Inventory, 8 lbs : 0
White nectarines are small fruits, averaging 5 to 7 centimeters in diameter, and have a round, oval, to heart-like shape with a prominent central seam or suture extending lengthwise from the stem to the base. The nectarine’s skin is smooth, taut, and thin with a white base, covered in red-pink blush. It is important to note that the red and pink hues are not an indication of ripeness, but if the white base coloring bears a green tone, it may signify that the fruit has been harvested early. Underneath the surface, the white flesh is aqueous, succulent, and semi-firm, with a soft, tender consistency when ripe. There may also be red hues streaked throughout the flesh, depending on the variety, especially around the central stone. The light brown stone can either be a freestone, easily removed from the flesh, or a clingstone, tightly adhered to the flesh. White nectarines feel heavy for their size, give slightly under pressure, and emit a fragrant aroma when ripe. The flesh also contains low acidity, contributing to a sweet flavor with vanilla, honey, and warm spice nuances.
White nectarines are available in the late spring through summer.
White nectarines, botanically classified as Prunus persica var. nucipersica, is a general descriptor used for pale-fleshed stone varieties belonging to the Rosaceae family. The small fruits were discovered growing as a natural mutation of peaches and share almost an identical genetic profile, except for a recessive gene that develops their signature smooth and fuzz less skin. The fruits are also distinguished from yellow nectarine varieties by containing lower acidity, giving the flesh a sweeter, less tart flavor. There are many different varieties of White nectarines cultivated worldwide, including Jade, Emeraude, Arctic Jay, Honey May, Arctic Rose, Heavenly White, Zephyr, Redgold, Polar Lights, and Arctic Queen. White nectarines have historically been considered a specialty type of stone fruit, only available for a short season in the late spring through early summer, but new varieties have been bred over time to extend the fruit’s commercial availability. White nectarines are primarily consumed fresh and are favored by stone fruit enthusiasts for their honeyed sweetness.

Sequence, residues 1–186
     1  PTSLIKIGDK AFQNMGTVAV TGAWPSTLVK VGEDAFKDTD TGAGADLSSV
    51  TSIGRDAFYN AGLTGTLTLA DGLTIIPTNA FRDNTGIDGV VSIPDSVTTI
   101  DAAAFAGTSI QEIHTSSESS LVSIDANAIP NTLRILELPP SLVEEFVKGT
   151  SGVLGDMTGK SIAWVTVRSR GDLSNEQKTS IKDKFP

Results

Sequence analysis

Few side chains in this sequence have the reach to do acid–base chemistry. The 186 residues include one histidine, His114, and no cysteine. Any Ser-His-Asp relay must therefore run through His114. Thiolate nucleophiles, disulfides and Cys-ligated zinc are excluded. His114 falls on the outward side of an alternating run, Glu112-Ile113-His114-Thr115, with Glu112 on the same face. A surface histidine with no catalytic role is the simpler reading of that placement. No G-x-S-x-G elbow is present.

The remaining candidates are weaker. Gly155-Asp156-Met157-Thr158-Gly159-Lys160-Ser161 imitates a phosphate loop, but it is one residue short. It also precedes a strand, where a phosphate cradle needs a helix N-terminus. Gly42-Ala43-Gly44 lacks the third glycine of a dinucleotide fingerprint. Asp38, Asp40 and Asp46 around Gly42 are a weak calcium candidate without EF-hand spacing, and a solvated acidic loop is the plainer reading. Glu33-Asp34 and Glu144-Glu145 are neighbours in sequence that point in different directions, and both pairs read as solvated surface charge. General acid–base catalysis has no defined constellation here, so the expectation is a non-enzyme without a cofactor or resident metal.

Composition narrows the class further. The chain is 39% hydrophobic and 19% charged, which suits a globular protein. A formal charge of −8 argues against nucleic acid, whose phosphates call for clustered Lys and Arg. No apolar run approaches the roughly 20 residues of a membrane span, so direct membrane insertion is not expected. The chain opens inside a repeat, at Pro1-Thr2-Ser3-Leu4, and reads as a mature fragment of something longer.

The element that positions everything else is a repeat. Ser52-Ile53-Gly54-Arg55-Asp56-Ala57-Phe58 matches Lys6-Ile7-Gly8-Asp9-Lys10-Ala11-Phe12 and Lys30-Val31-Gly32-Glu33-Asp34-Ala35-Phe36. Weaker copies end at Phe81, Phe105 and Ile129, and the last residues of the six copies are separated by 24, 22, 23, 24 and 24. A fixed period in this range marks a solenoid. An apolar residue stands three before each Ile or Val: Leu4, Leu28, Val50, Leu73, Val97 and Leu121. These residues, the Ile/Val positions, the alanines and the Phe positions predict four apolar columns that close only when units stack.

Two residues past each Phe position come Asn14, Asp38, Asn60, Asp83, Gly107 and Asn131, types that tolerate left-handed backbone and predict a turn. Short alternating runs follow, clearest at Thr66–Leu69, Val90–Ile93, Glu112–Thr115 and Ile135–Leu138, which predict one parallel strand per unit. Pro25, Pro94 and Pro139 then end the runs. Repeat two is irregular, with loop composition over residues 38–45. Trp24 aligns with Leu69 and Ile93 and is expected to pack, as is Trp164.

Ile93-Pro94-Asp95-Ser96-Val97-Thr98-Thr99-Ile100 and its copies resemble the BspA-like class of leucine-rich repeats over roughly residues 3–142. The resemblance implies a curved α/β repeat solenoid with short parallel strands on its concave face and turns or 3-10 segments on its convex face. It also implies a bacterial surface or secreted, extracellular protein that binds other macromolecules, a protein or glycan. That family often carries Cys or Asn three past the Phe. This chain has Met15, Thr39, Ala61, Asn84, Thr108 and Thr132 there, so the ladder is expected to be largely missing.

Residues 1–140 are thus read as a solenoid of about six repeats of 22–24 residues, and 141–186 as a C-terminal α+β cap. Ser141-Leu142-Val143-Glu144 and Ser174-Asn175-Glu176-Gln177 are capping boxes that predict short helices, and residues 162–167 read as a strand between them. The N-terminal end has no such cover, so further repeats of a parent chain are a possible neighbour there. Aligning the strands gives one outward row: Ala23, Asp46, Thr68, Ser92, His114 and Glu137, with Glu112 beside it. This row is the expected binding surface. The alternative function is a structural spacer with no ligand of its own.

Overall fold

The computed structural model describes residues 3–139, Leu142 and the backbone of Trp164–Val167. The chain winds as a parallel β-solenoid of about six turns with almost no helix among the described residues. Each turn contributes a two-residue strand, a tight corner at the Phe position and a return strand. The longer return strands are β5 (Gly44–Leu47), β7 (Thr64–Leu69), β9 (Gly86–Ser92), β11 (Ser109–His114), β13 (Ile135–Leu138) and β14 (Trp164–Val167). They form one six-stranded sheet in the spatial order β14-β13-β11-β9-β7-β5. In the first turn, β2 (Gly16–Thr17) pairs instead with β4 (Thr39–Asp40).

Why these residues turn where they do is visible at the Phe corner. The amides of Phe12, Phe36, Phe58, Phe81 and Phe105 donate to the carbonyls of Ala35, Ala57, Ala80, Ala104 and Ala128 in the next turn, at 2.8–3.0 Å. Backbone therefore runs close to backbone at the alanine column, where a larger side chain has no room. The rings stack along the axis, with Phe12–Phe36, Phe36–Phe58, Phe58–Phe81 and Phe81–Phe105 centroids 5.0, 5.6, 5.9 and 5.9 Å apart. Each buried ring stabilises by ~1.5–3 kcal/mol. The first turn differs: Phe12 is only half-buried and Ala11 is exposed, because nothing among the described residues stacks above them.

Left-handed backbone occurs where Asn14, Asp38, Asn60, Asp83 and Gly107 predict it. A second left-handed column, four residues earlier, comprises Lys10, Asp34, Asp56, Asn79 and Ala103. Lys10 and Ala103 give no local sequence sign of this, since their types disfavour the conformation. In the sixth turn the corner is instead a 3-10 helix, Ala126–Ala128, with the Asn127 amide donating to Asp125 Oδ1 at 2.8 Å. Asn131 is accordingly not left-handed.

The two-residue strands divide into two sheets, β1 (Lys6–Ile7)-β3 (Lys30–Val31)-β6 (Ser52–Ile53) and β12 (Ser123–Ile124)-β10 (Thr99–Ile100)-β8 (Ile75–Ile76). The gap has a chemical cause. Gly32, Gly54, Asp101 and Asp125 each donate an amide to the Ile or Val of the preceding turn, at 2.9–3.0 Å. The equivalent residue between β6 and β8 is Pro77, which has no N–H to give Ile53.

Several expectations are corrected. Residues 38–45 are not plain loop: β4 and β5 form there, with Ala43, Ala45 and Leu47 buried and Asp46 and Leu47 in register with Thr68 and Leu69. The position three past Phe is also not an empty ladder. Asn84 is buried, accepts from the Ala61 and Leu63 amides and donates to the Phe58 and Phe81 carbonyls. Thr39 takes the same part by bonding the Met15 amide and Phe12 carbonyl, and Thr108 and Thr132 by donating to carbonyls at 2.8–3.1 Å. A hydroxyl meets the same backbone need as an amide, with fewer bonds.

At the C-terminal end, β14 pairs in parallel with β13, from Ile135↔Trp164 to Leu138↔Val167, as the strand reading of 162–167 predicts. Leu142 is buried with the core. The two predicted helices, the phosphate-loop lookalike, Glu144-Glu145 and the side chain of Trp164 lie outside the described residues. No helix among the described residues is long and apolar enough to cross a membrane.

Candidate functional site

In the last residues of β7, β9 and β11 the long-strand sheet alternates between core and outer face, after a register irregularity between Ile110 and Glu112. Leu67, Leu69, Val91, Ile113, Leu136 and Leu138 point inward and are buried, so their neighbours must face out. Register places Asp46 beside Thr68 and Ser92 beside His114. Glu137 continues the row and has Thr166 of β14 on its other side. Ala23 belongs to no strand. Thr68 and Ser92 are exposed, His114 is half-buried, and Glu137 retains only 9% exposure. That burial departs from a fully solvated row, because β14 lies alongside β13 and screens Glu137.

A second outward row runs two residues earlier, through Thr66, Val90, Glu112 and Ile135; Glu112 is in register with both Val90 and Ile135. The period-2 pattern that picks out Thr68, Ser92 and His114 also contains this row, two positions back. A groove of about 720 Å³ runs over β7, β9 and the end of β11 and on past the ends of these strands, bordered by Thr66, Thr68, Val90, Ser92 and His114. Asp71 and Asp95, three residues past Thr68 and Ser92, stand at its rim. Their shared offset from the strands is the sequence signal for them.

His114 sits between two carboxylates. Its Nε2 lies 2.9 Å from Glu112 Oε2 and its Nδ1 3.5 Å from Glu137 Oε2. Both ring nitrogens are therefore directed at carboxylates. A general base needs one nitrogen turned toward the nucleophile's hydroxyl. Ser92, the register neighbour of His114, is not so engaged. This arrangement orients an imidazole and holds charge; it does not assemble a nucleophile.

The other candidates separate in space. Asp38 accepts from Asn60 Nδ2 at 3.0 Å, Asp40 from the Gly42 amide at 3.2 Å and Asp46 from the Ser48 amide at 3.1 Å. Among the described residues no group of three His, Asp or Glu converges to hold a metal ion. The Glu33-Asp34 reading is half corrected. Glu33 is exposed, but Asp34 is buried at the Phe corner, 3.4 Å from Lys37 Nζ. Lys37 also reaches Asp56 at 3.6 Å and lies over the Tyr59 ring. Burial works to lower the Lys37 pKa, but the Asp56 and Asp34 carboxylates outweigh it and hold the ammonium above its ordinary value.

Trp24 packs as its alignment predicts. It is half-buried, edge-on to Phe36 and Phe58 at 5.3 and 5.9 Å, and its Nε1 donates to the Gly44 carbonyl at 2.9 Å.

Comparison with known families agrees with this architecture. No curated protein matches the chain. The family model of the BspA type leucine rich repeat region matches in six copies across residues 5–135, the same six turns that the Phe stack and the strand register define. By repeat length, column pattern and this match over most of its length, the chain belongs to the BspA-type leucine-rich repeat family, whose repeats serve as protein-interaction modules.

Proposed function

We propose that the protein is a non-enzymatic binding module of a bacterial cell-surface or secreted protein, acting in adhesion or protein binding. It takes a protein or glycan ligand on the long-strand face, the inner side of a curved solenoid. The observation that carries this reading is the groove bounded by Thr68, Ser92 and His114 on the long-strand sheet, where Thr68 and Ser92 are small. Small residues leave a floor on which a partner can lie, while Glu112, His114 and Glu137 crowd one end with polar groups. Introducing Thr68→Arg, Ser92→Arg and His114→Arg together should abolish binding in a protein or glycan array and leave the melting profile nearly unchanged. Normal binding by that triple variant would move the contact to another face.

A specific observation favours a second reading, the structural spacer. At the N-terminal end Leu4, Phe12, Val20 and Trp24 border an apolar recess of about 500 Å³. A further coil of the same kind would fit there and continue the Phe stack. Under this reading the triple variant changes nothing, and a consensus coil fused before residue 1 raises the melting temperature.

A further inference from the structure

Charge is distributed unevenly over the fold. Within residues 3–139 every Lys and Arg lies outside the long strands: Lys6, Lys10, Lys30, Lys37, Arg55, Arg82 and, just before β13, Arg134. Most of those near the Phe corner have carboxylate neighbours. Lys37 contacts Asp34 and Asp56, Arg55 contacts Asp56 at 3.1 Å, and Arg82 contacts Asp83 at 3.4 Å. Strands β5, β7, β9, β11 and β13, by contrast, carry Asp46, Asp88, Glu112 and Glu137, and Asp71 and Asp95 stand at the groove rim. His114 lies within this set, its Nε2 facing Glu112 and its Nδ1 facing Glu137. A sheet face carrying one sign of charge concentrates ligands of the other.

White nectarines are a good source of vitamin C to boost the immune system and folate to develop red blood cells for oxygen transport. The fruits also contain vitamin K to promote faster wound healing, calcium and phosphorus to strengthen bones and teeth, and antioxidants to protect the cells against free radical damage, including the polyphenol gallic acid, which contains anti-inflammatory properties.
White nectarines have a delicate, sweet flavor best suited for fresh eating. The skin and flesh are edible and can be eaten straight, out of hand, or sliced and tossed into green salads. White nectarines can also be chopped into salsa, diced for bruschetta, mixed into yogurt and cereal, used as a fresh topping over desserts, incorporated into fruit salad, or stirred into grain bowls. In addition to culinary dishes, White nectarines can be blended and frozen into popsicles, used in smoothies, sliced and mixed into fruit punches, lemonades, and sparkling beverages, or pureed and used to flavor cocktails. Beyond fresh preparations, the sugar content and low acidity give the fruits a sweeter taste for simmering into jams, jellies, compotes, syrups, and sauces. White nectarines can also be poached in fragrant syrups, grilled and served with ice cream, broiled for a savory-sweet dessert, or baked into muffins, cakes, galettes, cobbler, crisps, and tarts. White nectarines pair well with cheeses such as burrata, goat, and manchego, herbs including basil, cilantro, and lavender, prosciutto, seafood such as shrimp, fish, and scallops, arugula, tomatoes, corn, and fruits such as strawberry, raspberry, lychee, apricots, and peaches. Whole, unwashed White nectarines should be kept at room temperature until ripe. Once ready to eat, the fruits should be immediately consumed for the best quality and flavor or stored for an additional couple of days in the refrigerator. White nectarines can also be dried, canned, or frozen for extended use.